Pint of Allendale Cardinal A pint in Bridge Tavern

 

 

 

 

Newcastle isn’t all about beer. If you’re looking for some culture the Theatre Royal is sure to satisfy…

Theatre Royal at night

But, I should have known, if I send my old soak on tour, resistance to a Rolling Stones reference will soon turn things back to beer…

Pleased to Meet You at night [1]

A pint in Pleased to Meet You [2]

And it seems wherever you are in this city reference to the bridges will always be close by…

A pint in Pleased to Meet You [1]

Sleeping cat

 

Until we speak again it’s enough to give a cat a headache.

Lunar confusion

It’s getting late… You looking at me?a pint or two too many at the City Arms kind of late. These days I miss out on Juno’s quiet air of indignation as I return home later than promised; though I wasn’t sure whether she knew the time, or simply presented in the same way whatever time I got home.

It’s the time of night when sailor’s come into their own, as they navigate a way home by the location of the moon. But such a skill seems to become more difficult than expected in an inebriated downtown central Cardiff. Where is that moon when you need it? In the early hours of a Spring night Cardiff seems particularly blessed by many moons.

Moonlight [1]

Who says that alcohol marinated logic makes no sense? A walk through a local wooded copse will surely be the solution to narrowing the moons down to the real one! Well, perhaps it doesn’t necessarily narrow down the number of potential moons, but there are a few clues beginning to shape up.

Moonlight [2]

Even a few pints of the hoppy stuff can’t dim the realisation that a mix of man-made unnatural wood and a man-made built environment gives a zig-zag trajectory a bit more of a focus and direction. Now I am able to narrow down the options…

Monlight [3]

Strangely enough, the real McCoy presents itself in full-moon splendour just at the moment it is least needed… I seem to be home.

Moonlight [5]

Who needs the moon anyway, when you have a carefully developed and honed homing instinct? Now, just before the hangover kicks in… what do we do on a cloudy night?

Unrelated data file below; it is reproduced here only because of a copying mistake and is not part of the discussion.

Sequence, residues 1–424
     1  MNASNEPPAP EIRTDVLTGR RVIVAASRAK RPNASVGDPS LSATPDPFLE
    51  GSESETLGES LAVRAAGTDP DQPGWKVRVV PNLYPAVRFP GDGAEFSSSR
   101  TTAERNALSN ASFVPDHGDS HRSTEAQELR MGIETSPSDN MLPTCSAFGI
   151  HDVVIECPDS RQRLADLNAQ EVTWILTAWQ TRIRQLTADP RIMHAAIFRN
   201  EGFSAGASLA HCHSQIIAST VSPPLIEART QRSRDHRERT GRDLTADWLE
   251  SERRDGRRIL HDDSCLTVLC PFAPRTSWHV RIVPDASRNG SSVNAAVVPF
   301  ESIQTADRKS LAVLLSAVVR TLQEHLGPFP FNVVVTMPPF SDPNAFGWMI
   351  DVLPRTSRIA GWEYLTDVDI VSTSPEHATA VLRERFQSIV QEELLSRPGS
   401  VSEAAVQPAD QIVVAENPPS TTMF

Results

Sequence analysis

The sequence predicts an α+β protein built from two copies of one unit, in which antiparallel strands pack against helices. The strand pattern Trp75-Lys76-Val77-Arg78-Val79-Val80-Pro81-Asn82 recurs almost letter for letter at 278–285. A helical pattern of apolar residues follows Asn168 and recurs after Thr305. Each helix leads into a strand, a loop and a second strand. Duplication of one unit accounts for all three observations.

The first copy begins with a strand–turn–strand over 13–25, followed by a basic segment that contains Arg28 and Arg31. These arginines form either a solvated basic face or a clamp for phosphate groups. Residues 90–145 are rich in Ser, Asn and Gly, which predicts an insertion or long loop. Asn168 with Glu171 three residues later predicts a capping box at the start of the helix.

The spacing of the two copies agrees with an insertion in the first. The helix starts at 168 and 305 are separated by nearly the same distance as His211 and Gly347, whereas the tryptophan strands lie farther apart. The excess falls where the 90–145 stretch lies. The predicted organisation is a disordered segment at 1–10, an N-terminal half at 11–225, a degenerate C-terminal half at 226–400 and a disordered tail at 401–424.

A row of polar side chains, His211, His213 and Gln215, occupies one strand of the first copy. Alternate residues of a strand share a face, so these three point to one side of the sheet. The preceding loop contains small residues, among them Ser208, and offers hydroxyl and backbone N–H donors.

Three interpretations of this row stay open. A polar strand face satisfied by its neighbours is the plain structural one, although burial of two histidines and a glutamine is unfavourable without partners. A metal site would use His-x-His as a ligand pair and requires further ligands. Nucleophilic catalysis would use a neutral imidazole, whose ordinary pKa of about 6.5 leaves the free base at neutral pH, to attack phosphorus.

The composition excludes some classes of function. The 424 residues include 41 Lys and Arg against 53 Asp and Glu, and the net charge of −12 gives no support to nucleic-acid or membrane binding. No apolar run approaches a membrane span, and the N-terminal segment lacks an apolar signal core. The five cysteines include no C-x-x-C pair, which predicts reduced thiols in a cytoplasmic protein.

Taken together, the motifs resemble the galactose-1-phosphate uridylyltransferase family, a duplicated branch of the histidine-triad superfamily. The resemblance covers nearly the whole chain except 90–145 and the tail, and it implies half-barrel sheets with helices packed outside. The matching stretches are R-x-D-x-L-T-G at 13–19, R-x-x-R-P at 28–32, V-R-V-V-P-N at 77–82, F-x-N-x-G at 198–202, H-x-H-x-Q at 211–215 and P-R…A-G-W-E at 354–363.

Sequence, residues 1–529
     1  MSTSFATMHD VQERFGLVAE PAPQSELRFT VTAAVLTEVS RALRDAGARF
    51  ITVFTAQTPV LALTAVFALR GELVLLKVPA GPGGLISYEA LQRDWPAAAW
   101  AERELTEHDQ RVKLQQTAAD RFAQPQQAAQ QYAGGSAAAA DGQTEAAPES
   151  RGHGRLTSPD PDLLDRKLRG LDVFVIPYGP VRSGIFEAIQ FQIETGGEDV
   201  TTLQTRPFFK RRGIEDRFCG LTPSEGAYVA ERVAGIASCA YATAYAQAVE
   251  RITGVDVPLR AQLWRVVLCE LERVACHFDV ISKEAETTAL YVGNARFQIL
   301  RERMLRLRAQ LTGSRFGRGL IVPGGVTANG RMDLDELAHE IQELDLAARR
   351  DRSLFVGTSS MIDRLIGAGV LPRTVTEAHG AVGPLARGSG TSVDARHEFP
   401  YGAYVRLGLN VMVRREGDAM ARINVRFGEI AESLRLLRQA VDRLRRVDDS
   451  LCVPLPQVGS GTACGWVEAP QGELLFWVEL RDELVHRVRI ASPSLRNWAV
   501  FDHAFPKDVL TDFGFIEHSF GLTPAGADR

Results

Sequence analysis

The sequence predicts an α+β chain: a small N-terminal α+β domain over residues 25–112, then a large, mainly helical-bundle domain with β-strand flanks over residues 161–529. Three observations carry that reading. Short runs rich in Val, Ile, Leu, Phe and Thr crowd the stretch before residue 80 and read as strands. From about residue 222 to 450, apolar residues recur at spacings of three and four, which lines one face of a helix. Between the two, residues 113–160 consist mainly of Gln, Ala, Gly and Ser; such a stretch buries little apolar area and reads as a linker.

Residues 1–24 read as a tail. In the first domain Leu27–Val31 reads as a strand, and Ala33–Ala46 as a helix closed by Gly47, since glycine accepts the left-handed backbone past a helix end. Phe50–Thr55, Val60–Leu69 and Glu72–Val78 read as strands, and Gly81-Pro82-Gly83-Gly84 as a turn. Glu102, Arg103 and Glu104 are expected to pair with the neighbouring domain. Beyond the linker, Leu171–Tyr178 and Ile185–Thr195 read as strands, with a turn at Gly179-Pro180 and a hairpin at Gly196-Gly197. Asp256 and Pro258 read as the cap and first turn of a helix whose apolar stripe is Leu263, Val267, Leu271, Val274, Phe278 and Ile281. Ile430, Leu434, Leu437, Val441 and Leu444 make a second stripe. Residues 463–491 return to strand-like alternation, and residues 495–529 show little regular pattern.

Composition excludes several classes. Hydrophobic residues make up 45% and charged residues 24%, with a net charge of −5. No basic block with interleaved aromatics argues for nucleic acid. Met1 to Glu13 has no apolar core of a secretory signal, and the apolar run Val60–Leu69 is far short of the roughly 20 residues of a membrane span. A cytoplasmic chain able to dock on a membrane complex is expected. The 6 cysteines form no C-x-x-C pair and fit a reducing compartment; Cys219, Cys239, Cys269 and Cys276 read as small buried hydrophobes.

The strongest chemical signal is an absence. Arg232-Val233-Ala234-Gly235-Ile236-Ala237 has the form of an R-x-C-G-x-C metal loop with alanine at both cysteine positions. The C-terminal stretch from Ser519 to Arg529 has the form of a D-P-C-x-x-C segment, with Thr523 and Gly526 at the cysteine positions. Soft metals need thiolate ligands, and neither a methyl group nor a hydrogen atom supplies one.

Half cat half door

 

Until we speak again, I seem to recall similar escapades in the past, only with the scary addition to the end of the night of something that resembled half-cat/half-door. The moral of this story is drink sensibly, or if you don’t, at least try to enjoy the bizarre distortions that the world presents to those in need of surgical realignment of their ‘eyes-to-sockets’ relationship.

 

A dead pubs crawl

The recent fact that around 20,000 pubs have been closed down in the UK during the last couple of decades hardly caused me a ruffle of the whiskers. After all, us cool cats are much more sophisticated in our tastes… I am more concerned with preserving my premium wine stocks.

Wine stocks

As far as I am concerned pubs are uncouth places where dogs are more likely to be found. However, my ‘resident old git’ seems somewhat more perplexed than I about this dilapidated state of affairs in the ‘world the beer guide forgot‘. It being the beginning of the season to be jolly, I thought I would send the thirsty one on a tour of modern day temperance; and there is no shortage of places in Cardiff you can no longer get a drink!

Whoever said that the pubs of today are being taken over by food has certainly been to The Neville recently. Unfortunately, it seems that this former favourite of fans of the local team has gone the whole hog, its become a local supermarket… so the only grog available here will be the discounted stuff better drunk out of a brown paper bag!

The Neville [2]

An even worse fate for The Splotlands, as the chances of even getting in the inn are now completely blocked. I hope the last customer at last orders managed to get out in time!

The Splotlands

Black Friday and even Cyber Monday have now past us by, but anyone still in search of a bargain need look no further than downtown Butetown. The White Hart either finished off on a sale of its remaining stocks, or more likely has now become the subject of a sale.

The White HartBut not all pubs are allowed to finally give up the ghost and die; take an amble along Constellation Street and you come across a fine residence that probably shouldn’t be… all hail local activism down at The Tredegar as people exert squatters rights as a means of keeping a grand old landmark in occupation other than by rats and mice.

The Tredegar, Tin Street

Talking of rats and mice… just look what happens to a prestigious city centre site when you neglect history. The York Hotel might well have long since given up its final incarnation as an Indian restaurant, but it still serves as a grim reminder of former halcyon days.

York Hotel

My in-house beer monkey returned stoically sober after this particular pub crawl. Until we speak again I hope your pre-christmas crawling is to your satisfaction. Meanwhile I shall continue my duties as Wine Merchant Juno.

[With special thanks to my original guide and mentor into the world of blogging The Gentle Author for the original idea of the ‘Dead Pubs Crawl’].